How to identify your target audience and how to create user personas with 3 simple questions
To make sure your product finds its audience, you need to give them exactly what they want. You have to know your users, understand their needs, and their troubles. The best way to do that is to create user personas.
Namely, you can use them at any stage of the development process, as a means to:
- brainstorm and prioritize product functionality
- create detailed wireframes
- map out user flows
- create appealing UIs
- write relevant copies
- position and market your product
Adequate user personas rely on thorough research, which takes the guesswork out of product development. The best way to know your users is to talk to them directly. Thus, a live interview is the most popular and effective means of user profiling.
3 questions to ask when creating user personas
The first step is to find out as much information about a person as possible. Typically, you should focus on the geographic and demographic background of your user. This is their behavioral profile. Simple and somewhat obvious questions work best in this regard.
Don’t be afraid to sound naive, sometimes the interviewee’s reaction can tell you more than their words. So, ask questions, observe, take notes. Every small detail is important because this is what will make your user personas true-to-life and thus valuable.
At this stage, you need to define the user’s pain points. What are their needs? What challenges do they face in their everyday life? What problems are they trying to solve with your product? It’s important to ask questions relevant to your particular product or industry.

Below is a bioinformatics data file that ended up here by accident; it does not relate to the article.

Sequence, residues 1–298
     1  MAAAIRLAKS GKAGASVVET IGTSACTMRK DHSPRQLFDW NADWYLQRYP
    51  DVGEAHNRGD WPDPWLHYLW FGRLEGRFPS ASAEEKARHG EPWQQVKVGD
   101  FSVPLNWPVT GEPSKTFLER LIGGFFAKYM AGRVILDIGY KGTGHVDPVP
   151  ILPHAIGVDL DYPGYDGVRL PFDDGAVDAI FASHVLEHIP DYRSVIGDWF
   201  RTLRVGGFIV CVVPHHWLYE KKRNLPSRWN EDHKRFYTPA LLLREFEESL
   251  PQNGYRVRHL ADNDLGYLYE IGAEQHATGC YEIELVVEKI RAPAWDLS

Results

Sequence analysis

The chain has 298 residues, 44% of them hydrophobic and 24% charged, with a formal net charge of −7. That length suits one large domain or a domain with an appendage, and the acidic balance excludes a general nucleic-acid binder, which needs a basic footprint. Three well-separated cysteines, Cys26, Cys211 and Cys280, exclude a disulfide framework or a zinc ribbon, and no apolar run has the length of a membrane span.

For example, if you are building a fitness tracker app, ask how often, where and when do they work out. If your new product is an eCommerce solution, focus on their shopping habits. Thus, you will get a better understanding of how your users will apply your product to solve their needs.
This question aims at uncovering the real reasons why a person is using or will want to use your product. If you are talking to your current user, ask what made them choose your product.
How does it help solve their problems? If you haven’t built your product yet, ask your potential users what would make them consider switching from their current tool to your product. Maybe they need more features? Or, on the contrary, they need something more simple and easy to use.
By investing in user research and persona development, you are laying the groundwork for a successful product.